Patient recruitment companies are small, private businesses that specialize in recruiting patients for clinical trials on behalf of pharmaceutical and medical device industries. The emergence of these companies around the 1990's is part of a broader tendency within the pharmaceutical industry to focus on outsourcing clinical trial research. The organizational complexity of clinical trials has led to the emergence of a new sector devoted to the management and administration of clinical trials. The shift of clinical research to the private sector has raised new questions and ethical concerns about relationships that emerge between the industry, regulating bodies, researchers and human participants (Abadie, 2010; Fisher, 2009; Rajan, 2006; Petryna, 2009). This thesis investigates and describes one aspect of the private clinical trial industry--patient recruitment for clinical research studies and ethical issues that emerge from these activities. The results are based on a year-long ethnographic study including participant observations, document analysis and interviews with stakeholders of recruitment industry. The central argument I develop is that rationales for recruitment tactics are intimately entwined with the market value that these companies see in patient recruitment, and with the market risk that attends this process. This worldview impacts every aspect of the patient recruitment business--starting from the structure of patient recruitment, to the development of marketing campaigns, communication with the public, and all the way through to the relations with clinicians. I argue that the current organization of private industry patient recruitment introduces different ethical questions that are not addressed by the current guidelines.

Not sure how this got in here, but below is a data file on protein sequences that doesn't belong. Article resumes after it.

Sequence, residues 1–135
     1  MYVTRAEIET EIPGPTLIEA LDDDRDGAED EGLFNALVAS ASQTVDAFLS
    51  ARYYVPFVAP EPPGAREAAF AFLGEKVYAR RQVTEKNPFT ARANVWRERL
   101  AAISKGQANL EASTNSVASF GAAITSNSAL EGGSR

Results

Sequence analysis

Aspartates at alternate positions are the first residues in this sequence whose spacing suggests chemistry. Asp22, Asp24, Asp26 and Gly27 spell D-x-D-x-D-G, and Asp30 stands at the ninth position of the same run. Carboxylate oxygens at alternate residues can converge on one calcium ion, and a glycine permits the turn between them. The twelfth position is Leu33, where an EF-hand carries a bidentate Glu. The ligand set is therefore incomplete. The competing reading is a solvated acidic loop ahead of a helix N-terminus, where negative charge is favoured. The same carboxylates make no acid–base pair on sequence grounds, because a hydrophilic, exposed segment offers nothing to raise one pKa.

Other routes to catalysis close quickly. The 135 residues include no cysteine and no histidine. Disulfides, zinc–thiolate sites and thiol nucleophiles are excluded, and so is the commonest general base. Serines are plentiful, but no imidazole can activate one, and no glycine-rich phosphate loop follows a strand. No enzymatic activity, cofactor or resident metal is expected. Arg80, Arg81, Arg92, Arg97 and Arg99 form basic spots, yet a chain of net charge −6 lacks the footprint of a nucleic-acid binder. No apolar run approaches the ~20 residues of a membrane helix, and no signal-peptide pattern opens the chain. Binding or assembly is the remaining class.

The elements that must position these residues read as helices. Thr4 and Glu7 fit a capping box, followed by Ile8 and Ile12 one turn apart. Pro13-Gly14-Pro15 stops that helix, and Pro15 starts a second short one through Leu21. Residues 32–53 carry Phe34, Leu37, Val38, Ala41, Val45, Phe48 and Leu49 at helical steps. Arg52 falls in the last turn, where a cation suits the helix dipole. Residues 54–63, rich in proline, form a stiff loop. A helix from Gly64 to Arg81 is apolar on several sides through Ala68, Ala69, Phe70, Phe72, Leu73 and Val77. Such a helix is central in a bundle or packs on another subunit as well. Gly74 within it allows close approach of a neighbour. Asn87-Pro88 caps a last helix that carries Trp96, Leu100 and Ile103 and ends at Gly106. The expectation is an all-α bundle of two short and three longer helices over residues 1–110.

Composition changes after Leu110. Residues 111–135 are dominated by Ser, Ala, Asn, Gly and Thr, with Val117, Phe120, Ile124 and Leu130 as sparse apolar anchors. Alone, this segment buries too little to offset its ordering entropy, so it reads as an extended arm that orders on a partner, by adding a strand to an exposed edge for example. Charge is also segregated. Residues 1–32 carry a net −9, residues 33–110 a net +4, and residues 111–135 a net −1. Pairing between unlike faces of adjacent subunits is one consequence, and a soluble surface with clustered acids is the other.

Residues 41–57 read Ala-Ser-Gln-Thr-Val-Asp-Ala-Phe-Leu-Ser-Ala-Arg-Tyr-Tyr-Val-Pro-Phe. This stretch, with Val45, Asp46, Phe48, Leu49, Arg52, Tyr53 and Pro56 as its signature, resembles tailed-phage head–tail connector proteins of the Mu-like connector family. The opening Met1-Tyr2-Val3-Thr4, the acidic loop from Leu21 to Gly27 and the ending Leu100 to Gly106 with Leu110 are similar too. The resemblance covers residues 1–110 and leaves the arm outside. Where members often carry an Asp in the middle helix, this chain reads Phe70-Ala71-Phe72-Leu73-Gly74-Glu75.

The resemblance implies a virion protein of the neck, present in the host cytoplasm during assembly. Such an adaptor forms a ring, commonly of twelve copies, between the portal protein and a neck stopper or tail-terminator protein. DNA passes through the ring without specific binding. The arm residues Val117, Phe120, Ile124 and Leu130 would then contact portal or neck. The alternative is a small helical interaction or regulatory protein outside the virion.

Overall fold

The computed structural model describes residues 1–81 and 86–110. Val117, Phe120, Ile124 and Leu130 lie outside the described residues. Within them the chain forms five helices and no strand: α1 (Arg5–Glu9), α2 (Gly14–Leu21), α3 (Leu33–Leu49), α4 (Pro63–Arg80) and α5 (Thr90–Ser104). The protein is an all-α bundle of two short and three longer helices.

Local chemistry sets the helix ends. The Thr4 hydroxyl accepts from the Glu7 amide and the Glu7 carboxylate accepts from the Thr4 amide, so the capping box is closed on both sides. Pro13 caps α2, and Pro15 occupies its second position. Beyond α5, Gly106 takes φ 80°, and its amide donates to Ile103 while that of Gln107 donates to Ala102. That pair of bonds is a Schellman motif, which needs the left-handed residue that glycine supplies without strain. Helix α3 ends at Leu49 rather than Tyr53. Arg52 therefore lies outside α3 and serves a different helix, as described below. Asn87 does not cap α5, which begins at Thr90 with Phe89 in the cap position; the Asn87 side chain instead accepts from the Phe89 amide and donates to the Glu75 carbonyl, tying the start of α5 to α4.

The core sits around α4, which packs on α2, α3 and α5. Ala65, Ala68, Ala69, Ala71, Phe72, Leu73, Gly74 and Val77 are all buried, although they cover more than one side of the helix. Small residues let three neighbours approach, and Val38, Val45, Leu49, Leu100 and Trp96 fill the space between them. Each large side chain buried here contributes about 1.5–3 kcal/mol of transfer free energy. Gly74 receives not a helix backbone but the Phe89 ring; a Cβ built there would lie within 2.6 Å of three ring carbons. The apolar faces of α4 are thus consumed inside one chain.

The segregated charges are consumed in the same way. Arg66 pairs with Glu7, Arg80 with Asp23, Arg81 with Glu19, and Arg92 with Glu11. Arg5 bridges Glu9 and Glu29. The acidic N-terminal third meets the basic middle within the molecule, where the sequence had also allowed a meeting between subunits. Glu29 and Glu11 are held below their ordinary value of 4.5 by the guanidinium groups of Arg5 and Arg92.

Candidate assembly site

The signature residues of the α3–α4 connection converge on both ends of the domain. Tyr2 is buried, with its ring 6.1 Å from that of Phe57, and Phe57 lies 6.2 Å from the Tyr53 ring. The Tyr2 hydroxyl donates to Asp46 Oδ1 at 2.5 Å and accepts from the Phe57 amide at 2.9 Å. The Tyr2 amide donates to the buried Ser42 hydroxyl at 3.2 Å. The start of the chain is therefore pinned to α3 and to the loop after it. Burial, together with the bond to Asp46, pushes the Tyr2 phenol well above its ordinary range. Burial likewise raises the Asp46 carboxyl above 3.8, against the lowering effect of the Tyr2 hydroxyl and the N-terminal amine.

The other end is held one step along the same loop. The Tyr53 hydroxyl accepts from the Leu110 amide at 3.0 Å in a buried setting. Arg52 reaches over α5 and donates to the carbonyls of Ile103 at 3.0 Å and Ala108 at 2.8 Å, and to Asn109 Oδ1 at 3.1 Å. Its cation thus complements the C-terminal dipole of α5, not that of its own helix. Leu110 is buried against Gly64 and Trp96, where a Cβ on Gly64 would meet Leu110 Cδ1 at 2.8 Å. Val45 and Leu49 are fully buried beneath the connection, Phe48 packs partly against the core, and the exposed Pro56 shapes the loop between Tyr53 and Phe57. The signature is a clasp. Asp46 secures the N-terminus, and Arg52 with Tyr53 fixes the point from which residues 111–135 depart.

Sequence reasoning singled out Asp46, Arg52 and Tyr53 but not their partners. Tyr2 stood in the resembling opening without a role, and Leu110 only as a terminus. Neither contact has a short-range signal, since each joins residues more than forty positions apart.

University of Minnesota Ph.D. dissertation. June 2013. Major: Social and Administrative Pharmacy. Advisor: Linda M. Strand, PhD. 1 computer file (PDF); ix, 252 pages, appendices A-C.
"We get patients": Understanding the culture of patient recruitment organizations.
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